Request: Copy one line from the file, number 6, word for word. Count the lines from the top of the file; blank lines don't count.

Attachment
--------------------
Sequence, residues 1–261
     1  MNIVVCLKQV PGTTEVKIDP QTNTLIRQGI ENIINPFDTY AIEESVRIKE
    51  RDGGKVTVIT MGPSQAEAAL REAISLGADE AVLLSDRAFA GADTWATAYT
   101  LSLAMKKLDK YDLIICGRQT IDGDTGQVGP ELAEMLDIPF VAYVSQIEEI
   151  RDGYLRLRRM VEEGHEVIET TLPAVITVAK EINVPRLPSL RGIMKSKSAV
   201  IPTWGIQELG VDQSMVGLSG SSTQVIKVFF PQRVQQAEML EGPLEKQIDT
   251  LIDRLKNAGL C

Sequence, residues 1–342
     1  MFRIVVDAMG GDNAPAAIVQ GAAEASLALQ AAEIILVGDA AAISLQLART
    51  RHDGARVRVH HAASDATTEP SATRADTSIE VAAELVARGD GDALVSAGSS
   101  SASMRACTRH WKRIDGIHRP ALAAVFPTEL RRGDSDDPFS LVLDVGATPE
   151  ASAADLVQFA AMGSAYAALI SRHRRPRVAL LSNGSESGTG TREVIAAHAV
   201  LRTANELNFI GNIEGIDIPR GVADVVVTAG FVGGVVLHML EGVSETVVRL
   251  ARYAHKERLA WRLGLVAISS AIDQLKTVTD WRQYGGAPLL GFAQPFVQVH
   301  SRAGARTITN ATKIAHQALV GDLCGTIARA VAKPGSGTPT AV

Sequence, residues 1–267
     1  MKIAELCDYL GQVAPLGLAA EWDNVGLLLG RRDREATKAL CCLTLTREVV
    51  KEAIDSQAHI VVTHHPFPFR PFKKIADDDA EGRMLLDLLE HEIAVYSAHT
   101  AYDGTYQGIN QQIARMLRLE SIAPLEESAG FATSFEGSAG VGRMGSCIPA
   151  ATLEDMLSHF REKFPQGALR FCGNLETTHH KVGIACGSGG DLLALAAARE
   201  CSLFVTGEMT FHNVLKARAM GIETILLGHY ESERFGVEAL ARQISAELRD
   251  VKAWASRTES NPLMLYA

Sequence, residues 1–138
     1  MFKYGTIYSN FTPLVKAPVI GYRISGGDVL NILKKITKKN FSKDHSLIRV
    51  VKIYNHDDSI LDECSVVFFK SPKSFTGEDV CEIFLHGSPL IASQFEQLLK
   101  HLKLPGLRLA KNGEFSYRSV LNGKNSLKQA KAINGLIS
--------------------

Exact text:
   201  IPTWGIQELG VDQSMVGLSG SSTQVIKVFF PQRVQQAEML EGPLEKQIDT